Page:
Dr Mark’s The Meaning in a Nutshell
Colm Tóibín, Brooklyn (2009)
Colm Tóibín’s novel Brooklyn (2009) features the experiences of an Irish migrant, Eilis Lacey, a young woman who travelled on her own and settled in Brooklyn, New York, in the United States during the early 1950s. In this way, the novel provides insight into the Irish-migrant experience and, by implication, into the migrant experience in general. While being about the migrant experience, the novel does not treat the subject as a sociologist would, but as a novelist, emphasising the thoughts, feelings and little dramas involved in the transition from one country, life and identity to another.
The novel therefore deals with the emotional ups and downs of this young migrant in ways that are meant to be insightful and revealing. For example, the novel deals with the migrant’s initial heavy reliance on fellow-countrymen to aid in her settlement, and the migrant’s negotiation of a myriad of cultural differences involved in the gradual process of acculturation. The novel also deals with the acute emotional pain of homesickness and its slow, eventual passing. In particular, the novel notes how finding love in a new land ties one to it, facilitating the establishment of roots in the new country and the severing of sentimental ties and responsibilities to the old country.
The novel details the push factors that see an intelligent young woman with a good work ethic and study ethic, and therefore the potential for upward social mobility, leave her economically-backward small Irish town of Enniscorthy. She came from a place where, in 1952, most people did not own a telephone and where employment prospects were minimal, which increased the chances of being economically exploited by an unscrupulous employer, as Eilis was in regards to working for Miss Kelly in her grocery shop.
The novel also details the pull factors relating to Brooklyn, New York, which is a bustling, sophisticated cosmopolitan city with ample opportunities for those willing to work and study hard to improve themselves. It also has a large Irish migrant population that will aid in the settlement of an Irish newcomer. Most notably, Brooklyn had a charitable Catholic priest, Father Flood, who will organise lodgings for Eilis, as well as arrange her employment and study opportunities. He will also provide compassion and counselling during tough times.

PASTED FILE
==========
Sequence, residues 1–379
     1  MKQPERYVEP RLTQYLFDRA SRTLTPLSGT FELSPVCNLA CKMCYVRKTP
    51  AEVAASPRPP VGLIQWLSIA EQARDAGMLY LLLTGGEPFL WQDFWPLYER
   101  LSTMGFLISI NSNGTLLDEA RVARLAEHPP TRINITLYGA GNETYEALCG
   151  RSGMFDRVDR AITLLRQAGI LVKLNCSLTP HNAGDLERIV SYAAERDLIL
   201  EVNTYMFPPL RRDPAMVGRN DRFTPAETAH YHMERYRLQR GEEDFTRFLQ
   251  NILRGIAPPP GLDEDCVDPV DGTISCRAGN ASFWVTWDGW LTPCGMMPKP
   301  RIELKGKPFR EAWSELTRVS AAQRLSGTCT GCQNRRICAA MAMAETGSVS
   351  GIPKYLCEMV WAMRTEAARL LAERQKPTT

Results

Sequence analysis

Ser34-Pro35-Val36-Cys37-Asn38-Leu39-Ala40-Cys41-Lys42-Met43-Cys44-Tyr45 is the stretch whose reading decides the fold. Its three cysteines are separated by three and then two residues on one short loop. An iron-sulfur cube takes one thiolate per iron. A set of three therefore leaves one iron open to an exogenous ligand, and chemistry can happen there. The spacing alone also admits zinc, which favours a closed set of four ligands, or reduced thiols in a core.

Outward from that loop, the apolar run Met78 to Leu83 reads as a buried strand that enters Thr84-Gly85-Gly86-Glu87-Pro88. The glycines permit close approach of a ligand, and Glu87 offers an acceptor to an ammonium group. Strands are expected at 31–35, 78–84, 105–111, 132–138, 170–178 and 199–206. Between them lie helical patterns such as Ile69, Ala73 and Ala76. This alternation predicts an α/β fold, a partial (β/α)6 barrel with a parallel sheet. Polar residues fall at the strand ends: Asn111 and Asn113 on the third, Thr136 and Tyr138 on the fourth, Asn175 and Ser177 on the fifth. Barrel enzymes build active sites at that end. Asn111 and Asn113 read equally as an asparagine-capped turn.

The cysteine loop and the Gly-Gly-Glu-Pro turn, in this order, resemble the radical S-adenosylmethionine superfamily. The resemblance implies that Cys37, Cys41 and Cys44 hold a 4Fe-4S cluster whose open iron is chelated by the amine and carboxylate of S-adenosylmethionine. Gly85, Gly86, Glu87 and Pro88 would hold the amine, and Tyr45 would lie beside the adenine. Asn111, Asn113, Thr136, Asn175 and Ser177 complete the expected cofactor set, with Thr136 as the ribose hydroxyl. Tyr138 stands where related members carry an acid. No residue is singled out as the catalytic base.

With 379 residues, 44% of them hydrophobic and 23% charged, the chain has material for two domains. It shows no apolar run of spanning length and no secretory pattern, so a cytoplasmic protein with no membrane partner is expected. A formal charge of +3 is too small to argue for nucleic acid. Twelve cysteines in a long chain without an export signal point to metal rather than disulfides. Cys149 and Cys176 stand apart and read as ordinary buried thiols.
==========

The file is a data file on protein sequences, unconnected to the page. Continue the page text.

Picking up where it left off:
With great sensitivity and attention to detail, the novel comprehensively covers the psychological dimensions of being a migrant. For example, it deals with one’s initial doubts about leaving home, the anguish experienced on board ship due to not knowing to how to minimise seasickness by avoiding a meal on the night of a big storm, and the main character’s sense of surprise at the discovery of the need to look healthy upon disembarking to pass by the transit authorities without quarantine. Upon arrival, the novel deals with the disorienting yet exciting sense of being a stranger in a strange land despite one’s familiarity with the shared English language. It also deals with the confusing unfamiliarity of the local geography and weather conditions, and looks at the main character’s heightened sense of curiosity regarding unfamiliar day-to-day customs taken for granted by locals, like the way American parents walk their children to school while Irish parents do not. The novel also deals with the feeling of being friendless and lonely, the emotional pain of homesickness, the burdens of doing full-time work while attending night school on top of that, and the comfort that arises from associating with one’s fellow countrymen until one is fully integrated.